Billy Connolly health: Comedian discusses his Parkinson’s and says he doesn’t fear death12/28/2020
What is Parkinson's disease?
Sir Billy Connolly, 78, is a comedic genius who has made a name for himself by having the impressive talent of finding humour in most things. In a cruel twist of fate though, Billy’s health has made performing impossible and has said he is “finished with stand-up”. Billy was diagnosed with Parkinson’s disease and has made his “brain work differently.” What is the condition and what are the signs to look out for?
Billy revealed his Parkinson’s diagnosis back in 2013 and told Sky News that fans would not see him on stage again.
His last world tour ended in 2017 and had said he would love to perform live again but was “not ready”.
“The Parkinson’s has made my brain work differently and you need to have a good brain for comedy,” the icon said.
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When asked how his current health is, he replied: “I’m on good drugs. I take six pills a day.
“I’m always being asked to go to Parkinson’s things and spend time with Parkinson’s people, having lunch or something like that,” he said. “And I don’t approve of it.
“I don’t think you should let Parkinson’s define you and all your pals be Parkinson’s people. I don’t think it’s particularly good for you. So, I don’t do it.”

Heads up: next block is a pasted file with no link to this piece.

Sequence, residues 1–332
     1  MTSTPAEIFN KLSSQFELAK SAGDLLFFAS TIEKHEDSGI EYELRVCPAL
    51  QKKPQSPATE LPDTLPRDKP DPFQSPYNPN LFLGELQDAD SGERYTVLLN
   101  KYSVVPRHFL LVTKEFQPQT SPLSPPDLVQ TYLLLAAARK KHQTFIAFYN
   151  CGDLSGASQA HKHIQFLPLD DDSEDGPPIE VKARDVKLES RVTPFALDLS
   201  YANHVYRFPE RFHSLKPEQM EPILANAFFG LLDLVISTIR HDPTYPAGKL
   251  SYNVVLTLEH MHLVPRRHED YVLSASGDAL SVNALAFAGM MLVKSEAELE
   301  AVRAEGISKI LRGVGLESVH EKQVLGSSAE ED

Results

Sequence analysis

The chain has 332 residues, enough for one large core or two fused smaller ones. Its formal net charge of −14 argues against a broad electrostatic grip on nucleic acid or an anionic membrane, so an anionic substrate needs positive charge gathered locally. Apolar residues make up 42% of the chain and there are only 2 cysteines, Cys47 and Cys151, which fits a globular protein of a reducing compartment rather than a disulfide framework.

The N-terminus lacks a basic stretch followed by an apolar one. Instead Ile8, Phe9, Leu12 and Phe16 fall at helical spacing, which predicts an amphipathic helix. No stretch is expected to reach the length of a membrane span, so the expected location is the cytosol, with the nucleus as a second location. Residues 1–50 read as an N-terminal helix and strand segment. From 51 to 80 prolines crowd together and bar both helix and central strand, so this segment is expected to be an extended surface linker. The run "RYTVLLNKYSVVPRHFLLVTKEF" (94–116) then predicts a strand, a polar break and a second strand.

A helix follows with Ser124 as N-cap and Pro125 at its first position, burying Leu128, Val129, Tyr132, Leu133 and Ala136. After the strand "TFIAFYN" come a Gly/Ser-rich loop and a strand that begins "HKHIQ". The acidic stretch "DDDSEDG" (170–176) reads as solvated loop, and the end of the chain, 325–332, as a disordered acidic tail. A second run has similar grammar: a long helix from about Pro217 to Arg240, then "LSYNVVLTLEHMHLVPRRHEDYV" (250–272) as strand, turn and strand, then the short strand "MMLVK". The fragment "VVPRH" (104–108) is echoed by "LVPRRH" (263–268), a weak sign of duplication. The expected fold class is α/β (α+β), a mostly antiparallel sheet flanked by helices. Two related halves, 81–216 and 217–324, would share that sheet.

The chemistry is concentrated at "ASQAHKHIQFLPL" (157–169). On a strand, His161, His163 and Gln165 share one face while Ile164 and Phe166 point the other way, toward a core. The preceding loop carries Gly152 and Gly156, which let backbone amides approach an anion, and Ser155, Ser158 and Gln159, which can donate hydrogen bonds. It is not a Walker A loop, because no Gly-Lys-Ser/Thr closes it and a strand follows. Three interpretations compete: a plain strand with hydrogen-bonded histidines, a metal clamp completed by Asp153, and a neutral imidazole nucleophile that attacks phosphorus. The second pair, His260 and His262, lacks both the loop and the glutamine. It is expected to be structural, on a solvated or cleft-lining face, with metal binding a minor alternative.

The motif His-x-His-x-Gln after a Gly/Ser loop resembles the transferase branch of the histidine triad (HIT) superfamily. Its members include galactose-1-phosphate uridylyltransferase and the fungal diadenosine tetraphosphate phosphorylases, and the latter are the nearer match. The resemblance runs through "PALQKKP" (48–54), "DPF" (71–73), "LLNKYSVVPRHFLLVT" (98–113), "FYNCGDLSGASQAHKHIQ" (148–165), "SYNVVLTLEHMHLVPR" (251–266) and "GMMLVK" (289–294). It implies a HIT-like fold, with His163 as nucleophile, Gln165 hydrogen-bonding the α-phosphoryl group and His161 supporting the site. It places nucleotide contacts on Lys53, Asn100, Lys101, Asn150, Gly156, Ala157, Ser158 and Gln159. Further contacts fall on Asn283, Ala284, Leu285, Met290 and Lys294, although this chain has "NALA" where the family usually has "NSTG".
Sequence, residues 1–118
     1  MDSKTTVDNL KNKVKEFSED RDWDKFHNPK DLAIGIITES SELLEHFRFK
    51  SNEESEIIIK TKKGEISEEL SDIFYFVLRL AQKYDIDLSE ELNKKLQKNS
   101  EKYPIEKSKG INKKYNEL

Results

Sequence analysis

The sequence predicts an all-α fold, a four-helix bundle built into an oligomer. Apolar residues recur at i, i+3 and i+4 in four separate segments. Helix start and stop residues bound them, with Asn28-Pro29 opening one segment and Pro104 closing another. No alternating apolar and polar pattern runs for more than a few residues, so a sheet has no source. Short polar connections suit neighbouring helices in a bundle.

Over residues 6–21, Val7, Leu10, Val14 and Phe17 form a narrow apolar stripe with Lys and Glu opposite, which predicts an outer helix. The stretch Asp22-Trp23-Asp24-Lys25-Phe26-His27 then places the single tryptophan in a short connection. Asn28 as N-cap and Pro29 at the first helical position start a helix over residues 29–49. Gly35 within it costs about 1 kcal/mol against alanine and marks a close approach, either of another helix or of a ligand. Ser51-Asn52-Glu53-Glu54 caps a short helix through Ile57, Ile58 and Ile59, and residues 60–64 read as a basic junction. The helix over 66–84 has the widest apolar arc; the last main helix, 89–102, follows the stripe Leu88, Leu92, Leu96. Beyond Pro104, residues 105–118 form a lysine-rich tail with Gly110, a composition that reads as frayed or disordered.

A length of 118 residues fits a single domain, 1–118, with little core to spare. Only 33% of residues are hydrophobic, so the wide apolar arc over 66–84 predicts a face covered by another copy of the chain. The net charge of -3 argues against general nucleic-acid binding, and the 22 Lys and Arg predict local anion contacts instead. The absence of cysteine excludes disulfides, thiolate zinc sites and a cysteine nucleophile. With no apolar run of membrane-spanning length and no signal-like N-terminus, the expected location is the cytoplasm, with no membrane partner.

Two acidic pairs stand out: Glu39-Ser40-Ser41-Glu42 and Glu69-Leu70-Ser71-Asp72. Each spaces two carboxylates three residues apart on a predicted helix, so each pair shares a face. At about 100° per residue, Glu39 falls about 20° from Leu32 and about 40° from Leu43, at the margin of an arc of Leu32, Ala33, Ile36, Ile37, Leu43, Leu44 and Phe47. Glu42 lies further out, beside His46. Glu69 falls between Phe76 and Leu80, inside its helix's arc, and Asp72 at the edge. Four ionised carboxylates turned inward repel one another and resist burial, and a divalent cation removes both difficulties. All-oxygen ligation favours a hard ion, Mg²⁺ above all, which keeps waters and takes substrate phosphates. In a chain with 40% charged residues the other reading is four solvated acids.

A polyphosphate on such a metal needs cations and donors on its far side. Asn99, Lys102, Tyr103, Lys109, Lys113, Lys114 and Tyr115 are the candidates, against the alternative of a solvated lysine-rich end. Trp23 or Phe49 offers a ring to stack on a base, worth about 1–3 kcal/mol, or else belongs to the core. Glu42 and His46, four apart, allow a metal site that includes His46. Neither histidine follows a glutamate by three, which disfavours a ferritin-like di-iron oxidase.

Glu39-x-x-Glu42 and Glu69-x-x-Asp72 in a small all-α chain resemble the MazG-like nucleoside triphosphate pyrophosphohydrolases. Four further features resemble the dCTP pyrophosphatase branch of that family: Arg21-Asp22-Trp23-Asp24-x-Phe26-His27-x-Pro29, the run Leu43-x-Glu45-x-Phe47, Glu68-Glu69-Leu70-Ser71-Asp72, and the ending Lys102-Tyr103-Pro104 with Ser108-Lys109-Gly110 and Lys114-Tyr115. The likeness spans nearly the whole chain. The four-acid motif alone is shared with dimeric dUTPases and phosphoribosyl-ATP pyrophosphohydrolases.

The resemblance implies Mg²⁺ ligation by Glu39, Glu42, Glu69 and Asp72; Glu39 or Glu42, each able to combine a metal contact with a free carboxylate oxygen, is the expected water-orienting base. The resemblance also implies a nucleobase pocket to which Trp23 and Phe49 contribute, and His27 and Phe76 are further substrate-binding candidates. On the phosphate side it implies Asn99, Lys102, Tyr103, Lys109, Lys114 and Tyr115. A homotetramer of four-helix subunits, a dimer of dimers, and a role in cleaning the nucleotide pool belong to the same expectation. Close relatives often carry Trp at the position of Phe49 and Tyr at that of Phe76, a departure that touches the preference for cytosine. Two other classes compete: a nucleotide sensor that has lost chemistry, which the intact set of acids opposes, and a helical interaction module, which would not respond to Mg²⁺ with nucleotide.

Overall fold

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The star also admitted he is concerned he has “become a pain in the arse” but credited his wife of 30 years for plumping his pillows for him every night.
He added: “So far, she has never tutted. And she’s a rather attractive nurse. “
Billy experiences “good days and bad days” with his condition, and alongside disturbed sleep he struggles to perform tasks like putting money into his wallet.
To slow the effects of the condition, the funny man takes a slew of medications to help ease his symptoms.
Symptoms of Parkinson’s disease
There are three main symptoms associated with the condition, according to the NHS. These include:
Involuntary shaking of particular parts of the body (tremor)
Stiff and inflexible muscles
As well as these physical symptoms, Parkinson’s disease can also cause a wide range of psychological symptoms.
These can include:
Depression and anxiety
Balance problems (this may increase the chances of a fall)
Loss of sense of smell
For Billy his condition fluctuates, his hearing has deteriorated and while his long-term memory is good, his short-term recall has been erased.
He said: “I think about death quite a lot now that I am 78. I don’t think I’ve got that long.
“There’s a thing that they teach in Buddhism when you see a dead animal in the street – a pigeon, a little bird or a rabbit.
“You say to yourself, ‘That is the way of all life and that is the way it will be for me.’ And it makes you lose your fear of death.”
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